Rahimeh Andalibian calls The Rose Hotel a “true-life novel,” and aside from made-up scenes where she was not present, the book is a factual account of her family’s tragedies and secrets that reads like a novel. In spite of the chapters’ brevity and the book’s fast pace, the fully depicted scenes put us in the story while also proving informative regarding various cultural details.
Andalibian’s family had numerous bad experiences, which start in Iran, continue in London, and end in California. We feel for the well-developed characters, especially her parents and her four brothers. The author’s career in psychology governs her approach in this novel:
My family has shown tremendous courage and trust in sharing their darkest moments. . . . By making ourselves vulnerable and visible we have also become more fulfilled and alive. . . . And you too [may] have come to recognize in them characters from your own lives. It is my hope that you have come to see them and yourself—as I do: flawed, brave, resilient, and beautiful.
Andalibian gives us two settings, both of which dominate the family. In the wonderful opening scene, the author as a child and her younger brother hide in and explore the magic of the Rose Hotel, run by their father. Their neighborhood also includes the dazzling gold dome of the great mosque Haram, second only to Mecca for Shi’a Muslims. On the hotel’s nameplate a nightingale often perches, an auspicious omen. Their father Baba, being devout, forbids music or alcohol in the hotel, and at home everyone keeps to traditions—eating on a sofreh, a soft plastic cover on the floor, and the males buttoning their shirts right up to the top.
Trouble begins with a brutal rape and the rebellion of the older son, fifteen-year-old Abdollah, with horrific consequences for the family. These events affect them for years to come, threatening to destroy the parents’ relationship and the sons’ survival. What makes the consequences worse is the brutality of the Shah and continuation of brutality in the ayatollahs’ takeover. We in the West think of the Shah as a positive influence on his country for his western ways, but here we learn the truth of his police state. Baba hinges all his hopes on Khomeini and the religious ayatollahs, who he assumes will not be corrupted by power. Baba would seem to have a privileged relationship with this new regime, especially with Mrs. Khomeini, for whom Baba’s wife has cooked elaborate meals to be taken to Mrs. Khomeini’s secret suite at the hotel. And Baba has kept certain ayatollahs from danger. Therefore, he has every hope that his very personal and desperate plea will be heard. However, it is a regime in transition with justice not fully formed:
In the West, “Ayatollah” came to mean that one man Khomeini, but in Iran, there are many ayatollahs holding positions similar to bishops. Each ayatollah held his own views. And even at the launch of this new regime, many ayatollahs dissented; this was not the way of Islam. . . . Baba overheard a man ask, ‘This is what our country has become?’ Shepherds with a few religious classes under their belt and no legal experience will decide our fate? This is not what we wanted from our revolution. Now we are all screwed.’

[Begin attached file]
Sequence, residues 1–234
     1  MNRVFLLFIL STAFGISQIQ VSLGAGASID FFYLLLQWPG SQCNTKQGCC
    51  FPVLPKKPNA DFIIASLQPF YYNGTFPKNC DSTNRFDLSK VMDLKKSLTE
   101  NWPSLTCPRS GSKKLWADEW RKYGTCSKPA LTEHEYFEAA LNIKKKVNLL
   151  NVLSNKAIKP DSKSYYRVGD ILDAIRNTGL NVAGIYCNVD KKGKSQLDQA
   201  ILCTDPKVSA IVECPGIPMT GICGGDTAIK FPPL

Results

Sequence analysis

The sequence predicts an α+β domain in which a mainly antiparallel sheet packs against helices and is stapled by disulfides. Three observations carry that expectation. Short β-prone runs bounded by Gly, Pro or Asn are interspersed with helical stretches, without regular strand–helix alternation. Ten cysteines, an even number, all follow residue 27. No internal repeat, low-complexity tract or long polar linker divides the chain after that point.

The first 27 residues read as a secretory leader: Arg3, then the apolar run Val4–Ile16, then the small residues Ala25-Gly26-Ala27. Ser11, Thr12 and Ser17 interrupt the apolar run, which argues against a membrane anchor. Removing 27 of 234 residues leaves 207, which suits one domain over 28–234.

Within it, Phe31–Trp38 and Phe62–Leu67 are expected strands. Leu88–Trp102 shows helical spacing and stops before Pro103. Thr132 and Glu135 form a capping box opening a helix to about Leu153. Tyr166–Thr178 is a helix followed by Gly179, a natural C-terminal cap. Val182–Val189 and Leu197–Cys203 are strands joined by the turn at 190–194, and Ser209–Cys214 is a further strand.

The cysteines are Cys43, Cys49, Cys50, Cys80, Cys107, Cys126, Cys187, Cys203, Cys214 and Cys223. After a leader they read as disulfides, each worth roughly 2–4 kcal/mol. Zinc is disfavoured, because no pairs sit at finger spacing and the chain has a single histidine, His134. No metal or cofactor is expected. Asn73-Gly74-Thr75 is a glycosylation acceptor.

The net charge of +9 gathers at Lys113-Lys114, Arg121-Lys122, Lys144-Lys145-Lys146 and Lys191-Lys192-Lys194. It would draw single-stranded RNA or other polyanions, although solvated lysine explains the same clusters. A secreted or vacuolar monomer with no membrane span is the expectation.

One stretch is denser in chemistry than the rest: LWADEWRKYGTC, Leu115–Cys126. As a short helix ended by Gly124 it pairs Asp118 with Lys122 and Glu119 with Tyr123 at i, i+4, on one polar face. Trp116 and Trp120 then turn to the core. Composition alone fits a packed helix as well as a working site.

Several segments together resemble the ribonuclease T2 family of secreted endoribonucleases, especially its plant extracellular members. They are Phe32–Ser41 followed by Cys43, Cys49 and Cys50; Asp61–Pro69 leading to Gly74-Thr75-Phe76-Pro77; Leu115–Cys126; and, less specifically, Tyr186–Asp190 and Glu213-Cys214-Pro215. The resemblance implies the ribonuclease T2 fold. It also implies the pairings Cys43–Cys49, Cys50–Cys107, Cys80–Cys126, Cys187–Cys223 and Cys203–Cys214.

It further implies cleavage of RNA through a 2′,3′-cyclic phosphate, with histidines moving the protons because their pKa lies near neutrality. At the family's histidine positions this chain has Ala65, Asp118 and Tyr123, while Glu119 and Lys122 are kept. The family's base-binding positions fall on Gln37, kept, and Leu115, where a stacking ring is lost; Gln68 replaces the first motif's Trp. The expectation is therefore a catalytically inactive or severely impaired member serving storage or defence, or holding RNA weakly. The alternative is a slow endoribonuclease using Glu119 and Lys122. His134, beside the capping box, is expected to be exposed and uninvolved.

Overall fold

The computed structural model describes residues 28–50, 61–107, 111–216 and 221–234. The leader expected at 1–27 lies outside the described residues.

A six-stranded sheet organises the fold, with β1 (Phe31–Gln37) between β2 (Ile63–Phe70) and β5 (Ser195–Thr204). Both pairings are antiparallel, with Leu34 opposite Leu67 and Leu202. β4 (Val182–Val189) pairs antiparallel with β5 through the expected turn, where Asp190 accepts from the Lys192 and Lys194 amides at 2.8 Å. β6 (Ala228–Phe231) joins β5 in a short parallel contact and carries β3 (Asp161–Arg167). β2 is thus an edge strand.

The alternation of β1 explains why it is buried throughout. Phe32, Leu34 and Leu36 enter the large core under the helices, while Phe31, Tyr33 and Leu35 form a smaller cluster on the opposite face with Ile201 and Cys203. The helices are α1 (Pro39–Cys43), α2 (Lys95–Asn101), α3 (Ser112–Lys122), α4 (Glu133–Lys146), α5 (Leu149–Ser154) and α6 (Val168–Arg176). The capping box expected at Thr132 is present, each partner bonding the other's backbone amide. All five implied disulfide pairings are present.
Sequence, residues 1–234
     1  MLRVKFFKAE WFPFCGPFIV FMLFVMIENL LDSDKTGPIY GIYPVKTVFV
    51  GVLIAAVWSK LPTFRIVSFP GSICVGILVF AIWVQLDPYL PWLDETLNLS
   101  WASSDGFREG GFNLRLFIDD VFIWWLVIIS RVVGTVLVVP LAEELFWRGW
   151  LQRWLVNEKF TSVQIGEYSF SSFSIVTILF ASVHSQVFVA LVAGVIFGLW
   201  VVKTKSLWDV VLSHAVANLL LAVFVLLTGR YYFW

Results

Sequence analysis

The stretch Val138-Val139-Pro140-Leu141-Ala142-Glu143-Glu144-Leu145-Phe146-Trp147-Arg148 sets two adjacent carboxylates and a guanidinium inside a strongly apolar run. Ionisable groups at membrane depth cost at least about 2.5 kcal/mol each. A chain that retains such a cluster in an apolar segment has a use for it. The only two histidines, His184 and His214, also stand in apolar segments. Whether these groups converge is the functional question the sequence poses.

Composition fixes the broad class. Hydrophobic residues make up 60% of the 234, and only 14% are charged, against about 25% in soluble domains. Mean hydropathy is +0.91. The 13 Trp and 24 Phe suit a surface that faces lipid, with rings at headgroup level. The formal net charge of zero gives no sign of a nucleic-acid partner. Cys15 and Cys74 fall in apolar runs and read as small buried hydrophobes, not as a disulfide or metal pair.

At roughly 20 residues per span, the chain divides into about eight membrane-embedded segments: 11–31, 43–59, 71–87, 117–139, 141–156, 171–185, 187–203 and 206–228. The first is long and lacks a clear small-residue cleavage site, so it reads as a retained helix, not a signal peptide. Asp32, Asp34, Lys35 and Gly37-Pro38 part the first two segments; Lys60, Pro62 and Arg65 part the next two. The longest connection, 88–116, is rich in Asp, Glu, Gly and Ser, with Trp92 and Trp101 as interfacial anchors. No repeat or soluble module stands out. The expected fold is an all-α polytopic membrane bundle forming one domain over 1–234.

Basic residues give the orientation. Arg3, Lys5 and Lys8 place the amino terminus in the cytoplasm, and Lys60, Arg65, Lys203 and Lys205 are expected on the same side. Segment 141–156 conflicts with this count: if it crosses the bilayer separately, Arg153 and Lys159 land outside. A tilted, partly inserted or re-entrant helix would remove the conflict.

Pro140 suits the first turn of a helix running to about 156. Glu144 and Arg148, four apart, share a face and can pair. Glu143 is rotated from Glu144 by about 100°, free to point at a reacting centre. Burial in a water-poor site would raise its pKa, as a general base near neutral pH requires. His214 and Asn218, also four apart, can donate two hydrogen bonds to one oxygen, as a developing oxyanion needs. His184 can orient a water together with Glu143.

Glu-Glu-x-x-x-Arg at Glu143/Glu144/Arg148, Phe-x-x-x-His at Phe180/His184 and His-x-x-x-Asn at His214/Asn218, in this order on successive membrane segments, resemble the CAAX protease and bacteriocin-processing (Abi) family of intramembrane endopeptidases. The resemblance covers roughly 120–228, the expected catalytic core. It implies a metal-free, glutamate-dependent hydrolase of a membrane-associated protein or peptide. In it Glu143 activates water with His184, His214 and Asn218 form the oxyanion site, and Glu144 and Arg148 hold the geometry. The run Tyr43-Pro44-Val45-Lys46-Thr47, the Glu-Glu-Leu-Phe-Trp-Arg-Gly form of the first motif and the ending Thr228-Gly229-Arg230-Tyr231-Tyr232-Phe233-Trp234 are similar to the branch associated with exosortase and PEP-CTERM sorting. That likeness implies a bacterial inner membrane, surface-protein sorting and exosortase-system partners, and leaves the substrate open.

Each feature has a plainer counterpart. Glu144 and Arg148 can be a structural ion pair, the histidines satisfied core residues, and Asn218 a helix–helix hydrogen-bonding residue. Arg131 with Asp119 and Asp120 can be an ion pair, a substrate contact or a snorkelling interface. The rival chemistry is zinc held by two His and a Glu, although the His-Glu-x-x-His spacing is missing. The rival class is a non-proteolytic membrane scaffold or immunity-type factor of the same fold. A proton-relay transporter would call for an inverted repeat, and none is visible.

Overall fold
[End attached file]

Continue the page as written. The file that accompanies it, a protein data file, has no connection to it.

Add to that chaos of the Iran-Iraq War, which Saddam Hussein starts. The personal mirrors the political climate to make the family situation worse. Baba, whose only concerns are to safeguard his family, makes several bad mistakes, adding to the horror of the situation. As a result, the health of the children’s mother, Maman, deteriorates, forcing the parents to leave most of the children with strangers while they seek medical help in London. And when they finally all reunite in California: “Home would have to be where we were, not where we’d been.” During this time, a pattern emerges, that “both my parents had younger siblings that they’d lost, and the way they’d dealt with it was not to tell the children any details, no goodbyes, to ‘protect them from the truth.’”
Our father also battled with some inner rage, guilt that he could not share. His life’s mission was now to save us, and he would do anything, absolutely anything to do that but his culture and code of behavior struck us as dictatorship, and we all fought back in our own way.
Andalibian, training herself as a family therapist, forces the family to break the bonds of secrecy and the past. Her page-turning novel educates us, but mostly makes us care about the family’s pain, her brothers with their death-defying risks, and Baba with all his desperate but flawed efforts. The Rose Hotel is an enthralling story from a country that many know little about.